Examples of Using pyAerial

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We provide a number of examples of using NVIDIA pyAerial for GPU-accelerated 5G NR signal processing, and for machine learning experiments. The examples are in Jupyter notebook format. The notebooks here are pre-executed, but they can be also interactively run following the instructions in Getting Started with pyAerial.

The first example shows how to use pyAerial for modeling 5G NR compliant PUSCH transmission and reception. In this example, the whole PUSCH pipeline is modeled within pyAerial, using the cuPHY library as a backend for GPU acceleration.

The notebook shows two ways of running the PUSCH receiver pipeline: In the first, the user only needs to make a single call using the Python API, and the whole PUSCH receiver is run. In the other, the PUSCH receiver pipeline is split into its different receiver components, each called separately using the Python API. This approach enables replacing any of the PUSCH receiver components for example by an AI/ML model, and benchmarking that against the conventional receiver.

NVIDIA Sionna is used in the example for radio channel modeling.

The second example gives an example of using cuPHY’s GPU accelerated 5G NR LDPC encoding and decoding chain (including also rate matching) modules through the pyAerial Python API. The encoding/decoding modules are expected to be useful for example in AI/ML model validation when implementing some parts of the receiver using machine learning.

This notebook generates a fully 5G NR compliant PUSCH/PDSCH dataset using pyAerial. The cuPHY library is used through its Python bindings in pyAerial for PUSCH/PDSCH slot generation, and NVIDIA Sionna is used for radio channel modeling. The PUSCH/PDSCH slots get generated and transmitted through different radio channels.

The example stores the dataset for use in the consequent LLRNet examples. Equally well the data could be generated on the fly during simulation.

In this example, pyAerial is used to generate a log-likelihood ratio dataset based on the PUSCH/PDSCH dataset generated in the previous example. Using pyAerial, the complete PUSCH receiver chain is formed, and LLR data is collected after the channel equalizer. The log-likelihood ratio data is used to train an LLRNet model in the next example. LLRNet, published in

Shental, J. Hoydis, “‘Machine LLRning’: Learning to Softly Demodulate”, https://arxiv.org/abs/1907.01512

is a simple neural network model that takes equalizer outputs, i.e. the complex-valued equalized symbols, as its input and outputs the corresponding log-likelihood ratios (LLRs) for each bit, basically replacing the conventional soft demapper in the receiver chain.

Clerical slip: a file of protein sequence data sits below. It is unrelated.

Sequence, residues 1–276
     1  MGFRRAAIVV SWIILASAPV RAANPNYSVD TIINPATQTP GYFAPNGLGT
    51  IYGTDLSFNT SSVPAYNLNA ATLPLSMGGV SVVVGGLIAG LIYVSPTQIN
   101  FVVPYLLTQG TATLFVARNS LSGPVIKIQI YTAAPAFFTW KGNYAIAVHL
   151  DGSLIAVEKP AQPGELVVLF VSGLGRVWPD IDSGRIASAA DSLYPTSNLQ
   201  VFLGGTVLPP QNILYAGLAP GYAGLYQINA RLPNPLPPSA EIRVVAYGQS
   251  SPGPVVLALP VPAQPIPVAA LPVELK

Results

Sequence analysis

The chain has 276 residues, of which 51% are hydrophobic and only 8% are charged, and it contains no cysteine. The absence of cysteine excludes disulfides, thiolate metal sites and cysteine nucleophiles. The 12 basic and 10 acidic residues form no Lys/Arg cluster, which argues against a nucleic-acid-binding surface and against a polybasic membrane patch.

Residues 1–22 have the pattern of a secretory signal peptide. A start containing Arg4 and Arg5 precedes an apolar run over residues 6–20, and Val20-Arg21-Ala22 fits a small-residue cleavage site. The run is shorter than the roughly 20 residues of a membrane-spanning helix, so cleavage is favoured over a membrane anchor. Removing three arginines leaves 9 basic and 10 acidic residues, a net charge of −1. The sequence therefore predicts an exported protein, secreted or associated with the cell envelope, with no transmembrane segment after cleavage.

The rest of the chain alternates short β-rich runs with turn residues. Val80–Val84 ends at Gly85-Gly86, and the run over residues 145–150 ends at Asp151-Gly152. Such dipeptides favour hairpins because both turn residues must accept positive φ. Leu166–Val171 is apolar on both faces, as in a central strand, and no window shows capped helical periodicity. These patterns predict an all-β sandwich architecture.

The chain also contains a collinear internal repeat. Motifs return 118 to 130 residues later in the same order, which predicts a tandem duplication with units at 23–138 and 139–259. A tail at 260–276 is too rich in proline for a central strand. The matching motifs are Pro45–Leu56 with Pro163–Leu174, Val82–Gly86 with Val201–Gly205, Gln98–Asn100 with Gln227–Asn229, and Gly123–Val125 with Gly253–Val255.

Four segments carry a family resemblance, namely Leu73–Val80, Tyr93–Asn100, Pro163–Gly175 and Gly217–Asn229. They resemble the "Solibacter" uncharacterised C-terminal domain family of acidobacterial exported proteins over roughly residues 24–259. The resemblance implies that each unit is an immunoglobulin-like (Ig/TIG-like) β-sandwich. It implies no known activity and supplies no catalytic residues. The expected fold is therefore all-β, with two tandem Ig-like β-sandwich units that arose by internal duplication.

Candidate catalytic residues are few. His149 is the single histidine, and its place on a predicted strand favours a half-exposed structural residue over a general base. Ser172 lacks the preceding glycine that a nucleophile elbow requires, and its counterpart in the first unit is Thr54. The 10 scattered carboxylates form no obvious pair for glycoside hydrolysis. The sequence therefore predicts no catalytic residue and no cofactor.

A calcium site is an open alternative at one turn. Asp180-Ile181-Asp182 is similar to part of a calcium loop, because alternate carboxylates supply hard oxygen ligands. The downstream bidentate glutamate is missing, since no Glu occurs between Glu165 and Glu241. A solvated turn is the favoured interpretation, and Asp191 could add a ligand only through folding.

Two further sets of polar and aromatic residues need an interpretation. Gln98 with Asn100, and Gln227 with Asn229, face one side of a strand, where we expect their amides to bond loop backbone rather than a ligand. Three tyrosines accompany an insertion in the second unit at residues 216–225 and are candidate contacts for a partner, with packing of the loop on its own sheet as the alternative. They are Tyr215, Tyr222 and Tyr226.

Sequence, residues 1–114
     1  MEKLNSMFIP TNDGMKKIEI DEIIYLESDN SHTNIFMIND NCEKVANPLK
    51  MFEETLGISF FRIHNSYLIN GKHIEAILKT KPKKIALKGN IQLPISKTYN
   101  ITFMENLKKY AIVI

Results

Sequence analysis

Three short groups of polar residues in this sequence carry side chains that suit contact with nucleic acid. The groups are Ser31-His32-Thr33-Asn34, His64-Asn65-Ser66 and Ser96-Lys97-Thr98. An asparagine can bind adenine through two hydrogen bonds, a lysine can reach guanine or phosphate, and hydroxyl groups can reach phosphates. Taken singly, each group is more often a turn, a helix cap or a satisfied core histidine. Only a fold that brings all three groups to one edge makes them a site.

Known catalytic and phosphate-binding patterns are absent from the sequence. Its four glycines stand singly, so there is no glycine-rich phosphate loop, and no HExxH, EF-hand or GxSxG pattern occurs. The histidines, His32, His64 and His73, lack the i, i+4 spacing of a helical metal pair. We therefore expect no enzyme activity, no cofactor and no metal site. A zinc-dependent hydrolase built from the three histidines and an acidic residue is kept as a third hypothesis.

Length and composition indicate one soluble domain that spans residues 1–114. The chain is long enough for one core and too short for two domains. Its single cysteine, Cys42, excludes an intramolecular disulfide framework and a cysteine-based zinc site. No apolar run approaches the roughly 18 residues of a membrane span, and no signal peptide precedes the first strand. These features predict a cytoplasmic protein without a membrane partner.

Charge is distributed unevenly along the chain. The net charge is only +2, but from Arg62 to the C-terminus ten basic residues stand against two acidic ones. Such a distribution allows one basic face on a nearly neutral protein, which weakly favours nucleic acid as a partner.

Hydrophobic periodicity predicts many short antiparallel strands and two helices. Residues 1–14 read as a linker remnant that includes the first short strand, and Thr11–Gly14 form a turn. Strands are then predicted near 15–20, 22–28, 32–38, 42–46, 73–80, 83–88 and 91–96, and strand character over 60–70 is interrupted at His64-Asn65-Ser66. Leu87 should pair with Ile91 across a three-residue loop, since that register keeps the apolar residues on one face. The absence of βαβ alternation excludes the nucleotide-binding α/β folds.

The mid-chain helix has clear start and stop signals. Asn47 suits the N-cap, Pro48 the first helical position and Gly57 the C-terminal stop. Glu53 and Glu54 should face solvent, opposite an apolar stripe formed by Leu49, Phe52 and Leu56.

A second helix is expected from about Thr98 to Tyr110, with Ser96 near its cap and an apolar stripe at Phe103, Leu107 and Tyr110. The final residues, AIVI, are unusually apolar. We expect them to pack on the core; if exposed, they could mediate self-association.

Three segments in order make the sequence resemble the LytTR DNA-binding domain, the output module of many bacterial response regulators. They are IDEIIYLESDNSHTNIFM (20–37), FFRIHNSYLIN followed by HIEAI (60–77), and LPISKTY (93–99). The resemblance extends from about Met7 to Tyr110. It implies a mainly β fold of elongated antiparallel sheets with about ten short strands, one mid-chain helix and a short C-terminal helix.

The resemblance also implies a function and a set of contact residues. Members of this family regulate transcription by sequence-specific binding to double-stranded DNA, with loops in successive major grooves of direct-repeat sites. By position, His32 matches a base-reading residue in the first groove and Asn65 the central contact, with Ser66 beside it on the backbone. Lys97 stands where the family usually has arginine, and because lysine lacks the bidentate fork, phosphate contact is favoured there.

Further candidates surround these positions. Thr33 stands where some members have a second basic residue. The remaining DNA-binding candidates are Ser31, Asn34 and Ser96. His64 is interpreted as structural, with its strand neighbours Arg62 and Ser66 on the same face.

Note: This notebook requires that the former example in Dataset generation by simulation has been run first.

In this example, the LLR data from the previous example is used to train and validate an LLRNet model for computing log-likelihood ratios. The trained LLRNet is plugged in the PUSCH receiver chain, replacing the conventional soft demapper, and its performance is validated. The model also gets exported into ONNX format consumed by the NVIDIA TensorRT inference engine.

The example shows essentially how to use pyAerial for validating a component of the PUSCH receiver chain, and how to export a model in a format that is ready to be integrated in a real system.

Note: This notebook requires that the former example in Dataset generation for LLRNet has been run first - that generates the data for this notebook.

This example shows how to query PUSCH data from an Aerial Data Lake database and perform channel estimation on that PUSCH data using pyAerial.

Note: This notebook requires that the clickhouse server used by Aerial Data Lake is running, and that the example data has been imported into a database. Refer to the Aerial Data Lake docs on how to do this.

Similarly to the previous example, this example illustrates the use of pyAerial in context of Aerial Data Lake. In this example, the PUSCH data queried from the database is run through a full PUSCH receiver pipeline implemented using the pyAerial API. The example also illustrates how the pyAerial PUSCH components enable fetching intermediate results from the receiver pipeline.

Note: Similarly to the previous notebook, this notebook requires that the clickhouse server used by Aerial Data Lake is running, and that the example data has been imported into a database. Refer to the Aerial Data Lake docs on how to do this.

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